Anita: Exactly. Well, it's good for work overall. So take it away, Charles, what's next?
Charles: I am delighted to introduce Sara Minkara who is our Keynote today. I first met Sarah really classic online. My good friend and colleague Maggie Austin had said, "what have you heard about this empowerment "through integration and their dinners in the dark?" And I was like I had never heard of them. So I went online immediately. And being the shy fellow that I am, I reached out to everyone's email address that was on the website. And this is how I met Sara. The work that she does through her organization is bias breaking. I have participated in one of her dinners, which was really eye opening. I'm also thrilled, not only because I have the opportunity to work alongside Sarah, and we have been juggling ways that we might work together but I would like to note that she has just been awarded the Harvard Kennedy School Emerging Global Leader Award. So the timing to have Sara here with this and in the real acknowledgement of the work that's being done around the world and the work that needs to be done right here in the Commonwealth, I am pleased to introduce miss Sara Minkara our Keynote for the upper ward 2020.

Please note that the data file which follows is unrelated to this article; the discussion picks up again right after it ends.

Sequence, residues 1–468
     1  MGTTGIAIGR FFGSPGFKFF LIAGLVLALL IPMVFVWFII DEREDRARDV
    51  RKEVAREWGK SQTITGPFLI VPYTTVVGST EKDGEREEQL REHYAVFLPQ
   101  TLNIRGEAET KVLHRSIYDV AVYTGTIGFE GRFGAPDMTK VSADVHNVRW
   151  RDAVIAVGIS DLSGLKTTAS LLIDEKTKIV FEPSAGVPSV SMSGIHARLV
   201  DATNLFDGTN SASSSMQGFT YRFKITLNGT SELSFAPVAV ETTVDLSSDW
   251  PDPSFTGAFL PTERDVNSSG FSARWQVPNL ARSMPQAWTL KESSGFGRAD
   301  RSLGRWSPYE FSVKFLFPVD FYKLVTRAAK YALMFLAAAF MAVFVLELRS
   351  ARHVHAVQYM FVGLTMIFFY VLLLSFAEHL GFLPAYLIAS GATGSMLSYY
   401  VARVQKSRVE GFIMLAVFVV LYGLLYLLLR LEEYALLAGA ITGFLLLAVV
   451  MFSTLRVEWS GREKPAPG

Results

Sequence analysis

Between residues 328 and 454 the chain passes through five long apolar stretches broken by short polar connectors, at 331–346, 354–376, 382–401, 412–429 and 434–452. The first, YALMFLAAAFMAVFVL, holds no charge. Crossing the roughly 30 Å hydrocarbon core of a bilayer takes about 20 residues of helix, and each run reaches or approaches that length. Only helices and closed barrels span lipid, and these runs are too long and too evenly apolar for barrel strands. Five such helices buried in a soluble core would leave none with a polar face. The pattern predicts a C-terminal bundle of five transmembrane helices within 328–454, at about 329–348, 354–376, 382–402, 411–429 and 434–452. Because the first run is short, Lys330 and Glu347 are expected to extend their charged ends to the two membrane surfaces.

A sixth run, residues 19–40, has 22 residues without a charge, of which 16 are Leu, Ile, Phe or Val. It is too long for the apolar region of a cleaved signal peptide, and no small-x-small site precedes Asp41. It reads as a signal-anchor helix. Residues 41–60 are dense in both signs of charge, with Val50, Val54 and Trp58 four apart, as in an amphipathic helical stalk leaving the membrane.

Sara Minkara: Hi, everyone, I'm going to start off with an introduction and then I'll go into kind of what I do and and all that fun stuff. I'm a daughter, I'm a sister, I'm a friend, I'm a colleague. I'm a troublemaker, I love math, I love nature and I love to eat chicken. I love to listen to audiobooks, I like to take walks outside in nature. I am a woman, I am Muslim, I am blind and I'm very proud of it. When I was seven years old on my birthday to be exact, I woke up that day and I had lost most of my vision. We were in our summer house in my parents home country which is Lebanon and outside of the windows, there's these big, huge mountains. And that day when I woke up, I couldn't see anything. And I remember telling my mom and my mom realizing that her second daughter has also become visually impaired. She hugged me really tightly, and she said, "Sara, everything is going to be okay." And everything was okay because of my mom. Specifically my family, and my support system. My mom never allowed society's expectations or lack thereof to enter our home in our narrative, in our community at home. She never allowed the, what disability meant externally to enter what it meant internally in our home. She helped us to see that our blindness was a strength. Our blindness was an identity that we should embrace and see a beauty behind. She pushed us to see our potential and take every single step to tap into the value that we have. She never allowed us utter the words "I can't do this because I cannot see." So we saw our blindness as part of who we are, we didn't see something off or wrong. But yes, the external world, the society sees as negative. But because she empowered us, we were able to face every single obstacle that we face because yes, society is not inclusive. Society has so many issues when it comes to access. But because we were empowered and we believe that we belong and we exist and we can contribute, we we're able to tackle these obstacles. We continue to go to the mainstream schoolings. I'm here and we grew up in the South Shore. We went to the public schools. I was able to call it a wealthy study math and economics. I went to Harvard and I was even able to hike and slide down a volcano in Nicaragua. That's not because I have more potential or more ability, but that's because I had the privilege of having an amazing supportive system, where I was empowered to see the beauty that I had. But do you know what? Most people with disabilities, 1 billion individuals in this world are living. Majority of them are living a narrative of being marginalized and cast aside and told that "You know what, "you are a burden, you are charity and you cannot, "you cannot and you cannot." So that's why I found an empowerment integration a non-profit that really focuses on let's disrupt the narrative surrounding disability. Let's take it from the charity lens, to value based lens. Not a human rights lens, because when we stop about human rights, you know where we stop at? We thought about this narrative saying, "Well, I guess I have to educate, I have to integrate, "I have to employ people with disabilities." We wanna come to a point where society says, "I want to include people with disabilities "because if I don't, I lose out on their value." `Cause every single person has something beautiful to contribute. And we're also trying to get people with disabilities, youth with disabilities say, "You know what, "I am proud of who I am, I belong, I exist "and I can contribute." So what our approach is to really tackle this narrative on all fronts, especially on a societal level. But let me take this to where we are right now. And how can we relate to every single one of us in this Virtual room and beyond? We all have faced some kind of marginalization based on one or more of identity. And especially now thinking about what we're dealing with in our country. On one hand, and this is a journey, and this journey is including, I'm still going through this journey, how can we reflect? And make sure that we embrace every single identity of ours, and love who we are? How can we get to a point where we not allow these isms in our society to impact how we see ourselves? I always say that I am proud to be blind, my blindness, my disability is a strength. It's given me creativity, innovation, stubbornness, perseverance, and I can go on forever. But that's a journey, because you know what? These isms and these narratives are so, so strong. But it's so important for us to always take a step back and say, am I listening to my inner core? Am I listening to my value, my beauty? Am I allowing these narratives to impact how I see myself? So let's really move towards embracing all of who we are in a beautiful way. But let me flip the narrative and flip the table and say, you know what? We're also humans and we all judge including me, right? We're all humans, that's part of who we are. And we are proud of creating these narratives and isms, all of us in our own ways. So it's also important for us to really take every single step in our lives and reflect on how am I judging? How am I seeing this world? What are the assumptions am I creating? And how can I delay my assumptions and have one assumption when I approach any single person that this person has something beautiful to contribute. Because if we approach every single person in that mindset, we are part of creating a space of empowerment and inclusion. were a part of creating a space where people feel like they belong and they can bring out there value. It's so important for us to reflect on these systemic isms that we're dealing with in our country. And think about how can we start addressing it within ourselves, and then our families and in our communities. So my final ask of us and this is an ask, I always ask myself is let's really move forward and see the beauty with ourselves and see the beauty within others. Thank you so much, and hope you have a day rest of the day.